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MANILA – (UPDATED 6:50 p.m.) The Philippine share of foreign direct investment going into Asean in the first half of the year was among the smallest, the UN Conference on Trade and Development said on Wednesday.
In a report, UNCTAD said FDI flows into the Philippines rose 10.6 percent to $0.9 billion this year from $0.8 billion last year. Cambodia received the same amount, but enjoyed a faster 166 percent year-on-year growth in inflows.
Singapore topped the region with FDI inflows of $27.4 billion, albeit 1.9 percent lower than a year ago. Indonesia came in second with $8.2 billion in inflows, down 20.6 percent year-on-year.
Thailand placed third with an FDI haul of $5.6 billion but registered the second-fastest growth at 62.1 percent. Malaysia cornered $4.4 billion, down by 36.6 percent year-on-year.
"Investment leads economic growth but the current trends of investment flows to developing countries, particularly to Asia, are worrisome and the challenge for channeling FDI into key development sectors such as infrastructure, agriculture and the green economy remains daunting," said Dr. Supachai Panitchpakdi, secretary-general of UNCTAD.
The report said global FDI flows declined by 8 percent in the first half of 2012, as the economic recovery suffered new setbacks in the second quarter of the year.
UNCTAD projects FDI flows will, at best, level off in 2012, at slightly below $1.6 trillion.
"The slow and bumpy recovery of the global economy, weak global demand and elevated risks related to regulatory policy changes continue to reinforce the wait-and-see attitude of many transnational companies toward investment abroad. UNCTAD's longer term projections still show a moderate rise," the UN agency said.
However, the risk of further macroeconomic shocks in 2013 can impact FDI inflows negatively.
Benjamin Diokno, economics professor at the University of the Philippines, said the outlook for FDI flows to the Philippines was "dim" given the global slowdown.
The economist said the year-to-date FDI flows of P1.025 billion "would appear that the Philippines would hit its revised forecast" of $1.2 billion, a downward revision of the Bangko Sentral ng Pilipinas.
"But the revised forecast is not good enough - in fact, pathetic - compared with how much FDIs our Asean-5 neighbors have attracted in the last 10 years, and even compared with previous peaks in FDI inflows to the Philippines in recent years - $2.9 billion in 2006 and 2007," Diokno said.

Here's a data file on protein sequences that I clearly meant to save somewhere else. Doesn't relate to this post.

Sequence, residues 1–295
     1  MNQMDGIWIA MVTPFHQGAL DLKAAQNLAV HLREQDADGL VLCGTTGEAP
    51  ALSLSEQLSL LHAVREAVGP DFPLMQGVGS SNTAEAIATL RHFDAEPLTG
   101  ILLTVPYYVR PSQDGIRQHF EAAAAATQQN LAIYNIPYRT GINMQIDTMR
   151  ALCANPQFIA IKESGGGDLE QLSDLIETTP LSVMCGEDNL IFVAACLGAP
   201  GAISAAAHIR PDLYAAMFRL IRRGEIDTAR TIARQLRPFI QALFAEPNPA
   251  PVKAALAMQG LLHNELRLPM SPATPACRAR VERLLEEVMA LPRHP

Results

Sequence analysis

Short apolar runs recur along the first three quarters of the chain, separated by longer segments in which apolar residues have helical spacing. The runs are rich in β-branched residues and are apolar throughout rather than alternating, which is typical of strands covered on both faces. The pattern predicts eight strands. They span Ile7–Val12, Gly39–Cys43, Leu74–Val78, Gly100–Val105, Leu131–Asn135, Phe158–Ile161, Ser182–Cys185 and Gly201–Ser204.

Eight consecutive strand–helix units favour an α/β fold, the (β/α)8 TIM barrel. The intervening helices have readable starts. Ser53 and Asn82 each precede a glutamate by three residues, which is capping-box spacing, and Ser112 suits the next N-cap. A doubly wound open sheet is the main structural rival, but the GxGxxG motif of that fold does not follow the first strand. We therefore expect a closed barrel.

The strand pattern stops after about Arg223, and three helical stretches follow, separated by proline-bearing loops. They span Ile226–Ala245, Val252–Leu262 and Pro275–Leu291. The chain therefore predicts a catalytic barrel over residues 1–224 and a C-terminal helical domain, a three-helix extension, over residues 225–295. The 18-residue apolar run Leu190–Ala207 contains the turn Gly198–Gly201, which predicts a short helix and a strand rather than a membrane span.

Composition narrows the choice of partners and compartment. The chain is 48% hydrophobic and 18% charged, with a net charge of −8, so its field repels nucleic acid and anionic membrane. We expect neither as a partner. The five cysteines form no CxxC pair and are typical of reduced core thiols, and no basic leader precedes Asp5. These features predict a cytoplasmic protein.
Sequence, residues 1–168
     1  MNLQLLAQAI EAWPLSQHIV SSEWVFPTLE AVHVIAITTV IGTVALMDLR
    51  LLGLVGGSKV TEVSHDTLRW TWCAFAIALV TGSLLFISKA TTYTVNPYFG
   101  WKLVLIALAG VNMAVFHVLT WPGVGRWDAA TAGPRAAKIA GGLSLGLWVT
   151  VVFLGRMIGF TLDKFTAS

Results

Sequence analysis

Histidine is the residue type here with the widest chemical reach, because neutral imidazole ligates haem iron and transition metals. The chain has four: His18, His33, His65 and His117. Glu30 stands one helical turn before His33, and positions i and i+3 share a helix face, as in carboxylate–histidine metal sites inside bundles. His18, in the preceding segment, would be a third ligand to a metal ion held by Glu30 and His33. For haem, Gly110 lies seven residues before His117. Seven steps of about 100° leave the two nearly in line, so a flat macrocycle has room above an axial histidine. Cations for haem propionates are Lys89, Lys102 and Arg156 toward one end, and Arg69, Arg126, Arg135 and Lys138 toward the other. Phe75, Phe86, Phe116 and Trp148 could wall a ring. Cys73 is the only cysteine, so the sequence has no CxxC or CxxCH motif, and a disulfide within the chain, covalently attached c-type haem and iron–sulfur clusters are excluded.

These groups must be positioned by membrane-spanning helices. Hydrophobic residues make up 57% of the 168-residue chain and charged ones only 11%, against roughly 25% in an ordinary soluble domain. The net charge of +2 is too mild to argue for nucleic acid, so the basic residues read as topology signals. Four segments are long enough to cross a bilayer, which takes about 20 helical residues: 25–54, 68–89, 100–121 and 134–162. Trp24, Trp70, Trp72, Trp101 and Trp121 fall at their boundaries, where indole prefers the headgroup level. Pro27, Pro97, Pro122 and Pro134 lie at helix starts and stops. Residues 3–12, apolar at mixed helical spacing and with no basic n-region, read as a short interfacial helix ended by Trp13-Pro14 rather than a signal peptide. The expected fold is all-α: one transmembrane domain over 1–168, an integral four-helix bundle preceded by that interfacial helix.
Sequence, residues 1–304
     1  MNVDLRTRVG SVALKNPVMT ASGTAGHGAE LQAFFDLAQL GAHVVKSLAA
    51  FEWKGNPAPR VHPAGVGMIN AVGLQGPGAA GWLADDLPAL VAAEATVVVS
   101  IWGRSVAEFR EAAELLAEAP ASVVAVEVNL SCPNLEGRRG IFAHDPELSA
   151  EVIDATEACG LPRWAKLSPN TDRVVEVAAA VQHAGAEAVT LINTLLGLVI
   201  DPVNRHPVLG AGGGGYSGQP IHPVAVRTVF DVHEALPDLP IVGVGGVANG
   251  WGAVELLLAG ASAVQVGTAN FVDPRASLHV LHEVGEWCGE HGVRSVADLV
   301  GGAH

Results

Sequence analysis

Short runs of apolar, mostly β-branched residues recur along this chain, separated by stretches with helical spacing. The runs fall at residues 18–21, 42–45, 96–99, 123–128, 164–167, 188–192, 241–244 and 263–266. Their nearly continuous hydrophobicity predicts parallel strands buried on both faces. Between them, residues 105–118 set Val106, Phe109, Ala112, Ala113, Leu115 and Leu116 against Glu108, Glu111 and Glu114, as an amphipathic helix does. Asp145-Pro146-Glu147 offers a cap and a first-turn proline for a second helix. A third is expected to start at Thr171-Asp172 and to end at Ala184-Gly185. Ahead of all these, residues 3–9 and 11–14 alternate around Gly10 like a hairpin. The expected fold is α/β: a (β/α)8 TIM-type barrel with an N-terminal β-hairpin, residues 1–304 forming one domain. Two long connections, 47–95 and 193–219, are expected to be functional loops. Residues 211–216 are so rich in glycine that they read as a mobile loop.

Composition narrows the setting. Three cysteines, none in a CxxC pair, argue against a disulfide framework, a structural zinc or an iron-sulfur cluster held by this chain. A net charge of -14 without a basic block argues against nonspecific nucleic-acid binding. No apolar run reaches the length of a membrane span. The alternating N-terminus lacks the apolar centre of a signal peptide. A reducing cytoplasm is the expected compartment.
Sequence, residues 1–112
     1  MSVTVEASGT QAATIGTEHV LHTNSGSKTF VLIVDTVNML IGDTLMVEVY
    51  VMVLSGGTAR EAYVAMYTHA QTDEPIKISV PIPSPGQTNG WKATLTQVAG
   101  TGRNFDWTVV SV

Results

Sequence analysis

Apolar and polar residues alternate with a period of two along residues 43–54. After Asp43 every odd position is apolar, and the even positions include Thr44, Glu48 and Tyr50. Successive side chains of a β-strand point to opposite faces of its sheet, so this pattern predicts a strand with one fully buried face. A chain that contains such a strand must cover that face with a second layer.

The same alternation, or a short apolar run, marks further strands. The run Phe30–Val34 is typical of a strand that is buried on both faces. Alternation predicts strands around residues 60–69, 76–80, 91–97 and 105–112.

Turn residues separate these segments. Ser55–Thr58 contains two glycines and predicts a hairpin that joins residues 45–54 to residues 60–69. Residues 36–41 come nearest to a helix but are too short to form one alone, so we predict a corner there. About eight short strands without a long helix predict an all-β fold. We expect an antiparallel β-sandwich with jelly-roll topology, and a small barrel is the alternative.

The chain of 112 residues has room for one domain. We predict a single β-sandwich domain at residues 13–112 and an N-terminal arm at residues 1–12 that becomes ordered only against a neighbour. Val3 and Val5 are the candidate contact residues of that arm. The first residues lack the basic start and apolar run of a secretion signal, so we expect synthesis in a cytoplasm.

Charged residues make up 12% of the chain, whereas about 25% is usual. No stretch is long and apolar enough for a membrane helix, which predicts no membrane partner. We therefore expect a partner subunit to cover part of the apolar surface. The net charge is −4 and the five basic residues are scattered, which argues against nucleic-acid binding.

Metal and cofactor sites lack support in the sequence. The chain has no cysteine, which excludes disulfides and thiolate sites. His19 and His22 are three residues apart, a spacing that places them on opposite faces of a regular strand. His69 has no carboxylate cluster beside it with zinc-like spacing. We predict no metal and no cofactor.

"FDI inflows in the first three quarters of the year is not consistent with the image that the Philippine government is trying to project. Foreign investors remain unimpressed. As far as foreign direct investors are concerned, the Aquino administration has a serious credibility problem," the economist said.
"The situation is distressing because the Philippines needs to attract much higher levels of FDI in order to achieve its goal of sustained, inclusive high growth rates. Yet FDI inflows to the Philippines continue to lag behind its Asean-5 neighbor," Diokno said, citing last year when FDI flows to Indonesia, Malaysia, Thailand and Vietnam reached $18.1 billion, $10.8 billion, $9.6 billion, and $7.4 billion, respectively. In contrast, the Philippines attracted $1.3 billion.
"Foreign investors remain unimpressed with the reforms - or lack of them - by the Aquino administration," said Diokno, a former budget secretary during the Estrada administration.
The UP economist cited a recent report of the World Bank showing the Philippines failed to improve its standing in the lender's Ease of Doing Business, a ranking of 185 economies.
"The Philippines lost another two ranks on the ease of doing business - from 136 among 183 countries in 2012, the country declined to 138 out of 185 countries in 2013. The decline reflects lower scores from seven indicators, the most serious of which is the decrease in Getting Credit Indicator, where the Philippines lost 10 spots," Diokno said.
"The study reported that the process of resolving insolvency in the Philippines is one of the slowest and expensive in the world. The Philippines ranked 165 out of 185. It ranked the fourth most difficult based on recovery rate, that is, how many cents of the dollar creditors recover from an insolvent firm. It ranked the most expensive with costs reaching 38% of the estate value," he added.
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